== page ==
Every wise Tory should acknowledge that there are lessons to be learned from Monday's events. Here are eight.
1) The PM and his business managers made a mistake. There was no need to take the Debate so seriously. It – and all similar future events – should be be regarded as a half-holiday for backbenchers, allowing them to relax in the knowledge that the proceedings do not form part of the legislative curriculum. So in future, no whipping.
2) Today, in the aftermath of tactical misjudgment, Messrs Cameron and Gove struck exactly the right tone. They accepted that good men and women were driven to rebellion by the dictates of conscience. As young backbenchers, they might have done the same themselves. So no proscriptions. In victory – if that is the right word – magnanimity.
3) The rebels ought to be equally magnanimous. Above all, they ought to realise that David Cameron is right. We are in a crisis, and there is no easy solution. If the Euro disintegrated, a double dip would be almost inevitable. It may be that this is bound to happen, and that we had better brace ourselves for the crash. But Messrs Cameron and Osborne are trying to do everything in their power to avert a breakdown. If anyone doubts that they are acting in the national interest, I refer them to President Sarkozy.
4) At this perilous juncture, it would be insane to hold a referendum on British membership. I am certain that many of those who voted for one allowed themselves that luxurious self-indulgence because they knew that it would not happen.
5) But this is a postponement, not a surrender. As soon as there is a Tory government with an overall majority, it is inevitable that there will be a re-negotiation of British membership. It is not certain that the outcome would be continued membership. The option of withdrawal would strengthen the British negotiators' hands. At the end of the process, there might well be a referendum. The Euro's threatened implosion has fundamentally and irrevocably altered Britain's relationship with the EU. Euroscepticism has triumphed.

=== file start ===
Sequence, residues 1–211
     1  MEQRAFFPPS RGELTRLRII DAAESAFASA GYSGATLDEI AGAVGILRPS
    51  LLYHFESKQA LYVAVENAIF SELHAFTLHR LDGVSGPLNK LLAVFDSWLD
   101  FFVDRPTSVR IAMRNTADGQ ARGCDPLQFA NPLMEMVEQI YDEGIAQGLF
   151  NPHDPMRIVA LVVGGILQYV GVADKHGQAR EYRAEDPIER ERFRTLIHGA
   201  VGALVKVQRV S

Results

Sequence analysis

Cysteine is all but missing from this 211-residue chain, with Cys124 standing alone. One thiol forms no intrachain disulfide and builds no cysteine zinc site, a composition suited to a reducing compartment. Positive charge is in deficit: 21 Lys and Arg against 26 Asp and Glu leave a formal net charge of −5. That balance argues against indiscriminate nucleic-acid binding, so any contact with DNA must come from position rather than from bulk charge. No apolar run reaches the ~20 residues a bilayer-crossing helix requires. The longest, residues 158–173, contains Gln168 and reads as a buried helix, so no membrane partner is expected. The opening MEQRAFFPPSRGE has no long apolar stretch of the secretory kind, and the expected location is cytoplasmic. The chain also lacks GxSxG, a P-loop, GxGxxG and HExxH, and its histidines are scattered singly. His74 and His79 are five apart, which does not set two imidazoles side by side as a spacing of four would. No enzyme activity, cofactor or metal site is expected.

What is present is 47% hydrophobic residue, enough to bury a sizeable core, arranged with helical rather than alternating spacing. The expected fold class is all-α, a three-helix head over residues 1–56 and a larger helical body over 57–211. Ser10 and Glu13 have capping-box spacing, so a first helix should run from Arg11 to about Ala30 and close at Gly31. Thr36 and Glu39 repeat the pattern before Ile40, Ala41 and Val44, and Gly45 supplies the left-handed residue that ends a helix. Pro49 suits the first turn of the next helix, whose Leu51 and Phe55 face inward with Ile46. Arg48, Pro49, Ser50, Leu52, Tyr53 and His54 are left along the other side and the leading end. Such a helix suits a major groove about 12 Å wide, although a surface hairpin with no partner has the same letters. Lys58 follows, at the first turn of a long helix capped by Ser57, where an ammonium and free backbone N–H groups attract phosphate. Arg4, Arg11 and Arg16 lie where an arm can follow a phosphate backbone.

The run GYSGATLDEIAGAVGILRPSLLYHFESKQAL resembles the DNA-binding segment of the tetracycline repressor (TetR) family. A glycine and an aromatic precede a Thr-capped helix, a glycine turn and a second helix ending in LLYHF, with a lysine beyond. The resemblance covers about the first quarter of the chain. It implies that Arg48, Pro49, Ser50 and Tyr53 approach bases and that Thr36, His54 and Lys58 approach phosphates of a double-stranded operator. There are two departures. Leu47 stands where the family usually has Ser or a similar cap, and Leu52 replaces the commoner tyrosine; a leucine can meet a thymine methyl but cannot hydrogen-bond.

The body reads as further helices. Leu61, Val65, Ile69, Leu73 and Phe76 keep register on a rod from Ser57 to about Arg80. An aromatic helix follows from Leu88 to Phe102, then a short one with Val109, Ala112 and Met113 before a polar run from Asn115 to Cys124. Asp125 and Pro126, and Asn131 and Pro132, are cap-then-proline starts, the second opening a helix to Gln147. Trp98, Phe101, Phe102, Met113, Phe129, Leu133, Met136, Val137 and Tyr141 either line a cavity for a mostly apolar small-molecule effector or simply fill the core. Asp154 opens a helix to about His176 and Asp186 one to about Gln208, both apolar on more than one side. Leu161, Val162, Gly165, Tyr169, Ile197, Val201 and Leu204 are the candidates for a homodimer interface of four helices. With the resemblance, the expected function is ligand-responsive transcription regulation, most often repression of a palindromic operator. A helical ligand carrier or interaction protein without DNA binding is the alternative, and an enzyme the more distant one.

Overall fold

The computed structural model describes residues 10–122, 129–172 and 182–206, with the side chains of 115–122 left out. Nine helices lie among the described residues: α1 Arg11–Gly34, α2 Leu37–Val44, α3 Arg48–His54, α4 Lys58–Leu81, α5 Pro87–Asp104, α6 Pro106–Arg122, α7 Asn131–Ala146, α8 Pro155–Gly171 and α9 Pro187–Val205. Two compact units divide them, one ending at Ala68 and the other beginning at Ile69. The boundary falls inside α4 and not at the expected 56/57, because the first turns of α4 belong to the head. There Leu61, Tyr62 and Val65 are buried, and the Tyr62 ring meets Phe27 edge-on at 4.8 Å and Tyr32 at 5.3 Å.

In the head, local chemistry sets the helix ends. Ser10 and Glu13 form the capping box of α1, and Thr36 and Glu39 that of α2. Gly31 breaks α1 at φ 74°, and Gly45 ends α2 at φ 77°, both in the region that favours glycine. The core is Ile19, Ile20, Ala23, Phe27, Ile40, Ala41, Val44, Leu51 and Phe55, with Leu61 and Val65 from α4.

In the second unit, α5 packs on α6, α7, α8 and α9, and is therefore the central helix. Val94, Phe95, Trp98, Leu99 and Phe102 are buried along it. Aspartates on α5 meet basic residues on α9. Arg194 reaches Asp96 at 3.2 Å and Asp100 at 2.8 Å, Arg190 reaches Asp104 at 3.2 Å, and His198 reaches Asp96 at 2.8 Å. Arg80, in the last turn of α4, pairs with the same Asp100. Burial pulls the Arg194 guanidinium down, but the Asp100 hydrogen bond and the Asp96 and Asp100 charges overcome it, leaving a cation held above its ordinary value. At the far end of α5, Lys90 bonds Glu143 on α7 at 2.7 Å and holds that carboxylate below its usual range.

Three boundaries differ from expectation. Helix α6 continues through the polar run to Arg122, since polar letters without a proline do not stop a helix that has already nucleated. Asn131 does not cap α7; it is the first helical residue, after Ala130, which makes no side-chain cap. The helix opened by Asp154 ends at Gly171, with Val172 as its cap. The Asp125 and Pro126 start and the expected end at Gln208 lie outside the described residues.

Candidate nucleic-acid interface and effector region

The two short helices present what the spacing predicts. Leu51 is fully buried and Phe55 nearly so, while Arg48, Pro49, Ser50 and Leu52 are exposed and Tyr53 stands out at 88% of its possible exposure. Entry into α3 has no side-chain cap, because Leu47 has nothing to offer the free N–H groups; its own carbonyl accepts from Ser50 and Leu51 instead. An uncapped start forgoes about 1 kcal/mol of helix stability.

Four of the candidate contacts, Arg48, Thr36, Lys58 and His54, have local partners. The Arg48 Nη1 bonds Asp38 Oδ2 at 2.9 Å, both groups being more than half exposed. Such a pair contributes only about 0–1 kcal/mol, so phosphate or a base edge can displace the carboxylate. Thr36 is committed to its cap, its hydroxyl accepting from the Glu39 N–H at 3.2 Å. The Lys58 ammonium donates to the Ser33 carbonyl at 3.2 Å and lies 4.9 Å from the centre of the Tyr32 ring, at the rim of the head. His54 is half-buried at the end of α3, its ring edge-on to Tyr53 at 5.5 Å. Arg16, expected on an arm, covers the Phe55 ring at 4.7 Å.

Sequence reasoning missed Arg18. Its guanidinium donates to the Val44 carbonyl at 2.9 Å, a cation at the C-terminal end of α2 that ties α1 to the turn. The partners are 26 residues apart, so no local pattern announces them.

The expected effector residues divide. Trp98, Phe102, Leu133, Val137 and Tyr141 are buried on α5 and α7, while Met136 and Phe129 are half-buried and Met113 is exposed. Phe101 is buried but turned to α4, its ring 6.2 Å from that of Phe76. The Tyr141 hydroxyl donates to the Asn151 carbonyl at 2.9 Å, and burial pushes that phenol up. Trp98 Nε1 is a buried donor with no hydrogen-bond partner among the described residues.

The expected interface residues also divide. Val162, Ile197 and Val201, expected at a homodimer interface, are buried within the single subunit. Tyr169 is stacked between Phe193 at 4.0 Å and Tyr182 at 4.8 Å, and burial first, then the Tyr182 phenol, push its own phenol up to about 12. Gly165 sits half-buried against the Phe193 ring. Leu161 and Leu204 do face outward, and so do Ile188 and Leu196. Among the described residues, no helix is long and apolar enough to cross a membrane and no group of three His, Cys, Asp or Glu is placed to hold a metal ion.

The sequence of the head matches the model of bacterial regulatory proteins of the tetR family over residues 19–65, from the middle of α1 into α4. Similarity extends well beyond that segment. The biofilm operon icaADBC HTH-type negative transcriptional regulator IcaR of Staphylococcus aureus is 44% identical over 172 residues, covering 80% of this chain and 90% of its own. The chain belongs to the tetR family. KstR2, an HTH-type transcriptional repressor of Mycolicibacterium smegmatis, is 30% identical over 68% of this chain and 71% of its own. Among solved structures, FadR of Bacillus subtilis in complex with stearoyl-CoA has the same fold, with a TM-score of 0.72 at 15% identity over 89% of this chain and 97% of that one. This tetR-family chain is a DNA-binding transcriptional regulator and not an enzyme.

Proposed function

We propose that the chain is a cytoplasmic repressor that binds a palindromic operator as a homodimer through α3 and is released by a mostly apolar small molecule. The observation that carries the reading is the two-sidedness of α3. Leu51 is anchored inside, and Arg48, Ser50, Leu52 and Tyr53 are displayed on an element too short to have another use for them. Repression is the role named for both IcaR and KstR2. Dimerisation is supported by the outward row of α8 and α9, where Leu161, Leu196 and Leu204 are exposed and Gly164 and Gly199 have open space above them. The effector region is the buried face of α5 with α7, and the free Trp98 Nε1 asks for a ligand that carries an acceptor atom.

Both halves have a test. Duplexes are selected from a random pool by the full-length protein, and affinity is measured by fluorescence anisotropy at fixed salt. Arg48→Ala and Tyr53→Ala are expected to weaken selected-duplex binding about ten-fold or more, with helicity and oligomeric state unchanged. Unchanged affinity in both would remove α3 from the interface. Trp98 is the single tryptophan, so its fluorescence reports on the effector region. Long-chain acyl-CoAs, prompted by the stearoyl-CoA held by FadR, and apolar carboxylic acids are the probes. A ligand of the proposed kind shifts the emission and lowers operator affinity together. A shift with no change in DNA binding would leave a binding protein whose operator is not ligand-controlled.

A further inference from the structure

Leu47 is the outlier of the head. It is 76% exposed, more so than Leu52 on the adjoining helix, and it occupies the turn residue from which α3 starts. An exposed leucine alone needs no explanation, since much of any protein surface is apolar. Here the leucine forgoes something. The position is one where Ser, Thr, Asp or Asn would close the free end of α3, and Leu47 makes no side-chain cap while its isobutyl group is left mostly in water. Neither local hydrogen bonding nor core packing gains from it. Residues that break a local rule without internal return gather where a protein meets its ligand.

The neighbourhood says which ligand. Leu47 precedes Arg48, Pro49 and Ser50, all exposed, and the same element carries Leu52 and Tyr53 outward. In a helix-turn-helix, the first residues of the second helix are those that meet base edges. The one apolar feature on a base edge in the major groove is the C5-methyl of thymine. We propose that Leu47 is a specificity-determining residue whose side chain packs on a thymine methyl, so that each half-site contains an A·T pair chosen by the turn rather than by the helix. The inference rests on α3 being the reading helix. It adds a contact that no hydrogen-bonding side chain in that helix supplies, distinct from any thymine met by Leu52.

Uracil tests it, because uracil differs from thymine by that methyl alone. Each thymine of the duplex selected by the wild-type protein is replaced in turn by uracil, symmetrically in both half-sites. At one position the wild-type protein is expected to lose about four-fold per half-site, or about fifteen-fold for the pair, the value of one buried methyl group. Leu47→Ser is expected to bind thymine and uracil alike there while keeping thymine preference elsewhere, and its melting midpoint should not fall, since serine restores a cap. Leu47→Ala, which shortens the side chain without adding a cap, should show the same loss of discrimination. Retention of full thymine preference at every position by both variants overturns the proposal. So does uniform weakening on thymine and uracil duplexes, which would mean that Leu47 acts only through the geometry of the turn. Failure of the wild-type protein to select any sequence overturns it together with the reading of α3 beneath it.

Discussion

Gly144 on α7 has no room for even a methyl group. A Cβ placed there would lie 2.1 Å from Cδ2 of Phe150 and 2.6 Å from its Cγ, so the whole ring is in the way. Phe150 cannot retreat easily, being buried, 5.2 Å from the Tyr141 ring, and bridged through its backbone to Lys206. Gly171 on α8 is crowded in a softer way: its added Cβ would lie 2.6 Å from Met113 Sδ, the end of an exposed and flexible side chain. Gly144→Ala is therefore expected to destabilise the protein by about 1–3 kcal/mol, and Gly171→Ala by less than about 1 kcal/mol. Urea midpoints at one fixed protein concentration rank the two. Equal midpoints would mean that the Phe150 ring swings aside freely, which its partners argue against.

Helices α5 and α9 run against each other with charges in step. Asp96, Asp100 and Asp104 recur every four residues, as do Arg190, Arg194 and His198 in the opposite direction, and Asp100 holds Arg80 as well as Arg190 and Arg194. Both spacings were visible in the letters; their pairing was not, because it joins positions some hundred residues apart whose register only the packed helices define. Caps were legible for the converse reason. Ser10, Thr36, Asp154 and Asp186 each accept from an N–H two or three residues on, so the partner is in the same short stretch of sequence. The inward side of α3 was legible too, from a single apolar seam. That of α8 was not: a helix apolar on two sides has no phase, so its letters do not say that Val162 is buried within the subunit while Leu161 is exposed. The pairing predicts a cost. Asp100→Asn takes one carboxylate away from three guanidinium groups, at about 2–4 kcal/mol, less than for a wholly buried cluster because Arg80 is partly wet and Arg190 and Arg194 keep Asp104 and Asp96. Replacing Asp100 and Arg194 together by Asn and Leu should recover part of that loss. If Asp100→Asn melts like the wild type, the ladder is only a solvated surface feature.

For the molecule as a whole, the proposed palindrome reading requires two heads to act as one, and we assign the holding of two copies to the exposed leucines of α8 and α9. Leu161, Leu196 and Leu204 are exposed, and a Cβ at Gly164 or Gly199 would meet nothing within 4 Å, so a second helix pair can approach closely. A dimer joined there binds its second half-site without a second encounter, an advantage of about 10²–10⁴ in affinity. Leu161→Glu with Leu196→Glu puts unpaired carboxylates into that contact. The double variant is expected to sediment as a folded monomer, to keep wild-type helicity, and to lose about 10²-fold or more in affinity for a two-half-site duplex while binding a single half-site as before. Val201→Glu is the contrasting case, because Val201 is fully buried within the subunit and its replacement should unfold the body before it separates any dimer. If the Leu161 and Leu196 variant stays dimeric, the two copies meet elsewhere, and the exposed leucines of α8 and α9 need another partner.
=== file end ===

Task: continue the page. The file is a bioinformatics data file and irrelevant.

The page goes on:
6) That said, this is not the moment to rejoice. There is too much work to be done. Although all the polls suggest that the country is broadly with us, most voters have other priorities. They want to be reassured that the Tories' plans for Europe are not a distracting obsession: that they are part of a clear strategy for national recovery. They want to be reassured about the government's moral seriousness.
7) On that, there is a problem. Apropos of self-indulgence, not all the rebels were good men and women. Since he failed to be Leader – thank God – David Davis has been a dagger in search of a shoulder-blade. But Mr Davis is a serious figure, unlike Bernard Jenkin. For the past two decades, Bernard has had a strong claim to being the silliest Tory MP. He is clearly nostalgic for the great days 0f 1992-1997, that glorious period in Tory history, when he helped to wreck the Major government, which cost the UK its opt-out from the social chapter. If Tony Blair had possessed one-tenth of Margaret Thatcher's political courage, the ineffable Bernard might have helped to deliver Britain into the single currency. As it is, his antics merely contributed to the loss of half the party's seats. Since then, he has had occasional interludes on the Front Bench. He always had to be eased out, for he was no good. Now, he is back to what he does best. Today, he was questioning the Prime Minister's good faith. One ought to take no notice. What sensible person would have any interest in Bernard's twittering inanity? All the same; it is exasperating.
8) Right, fellow eurosceptics: no more time for self-indulgence: there is an agenda to be crafted and hardened. This should include the ECHR, as great a threat to Britain as the ECJ. Dominic Grieve has been reported as saying that there is no question of repudiating the Strasbourg court. If he does think that, he has another thing coming. Euroscepticism must now muster its forces for a poltical, intellectual and moral advance, on all fronts.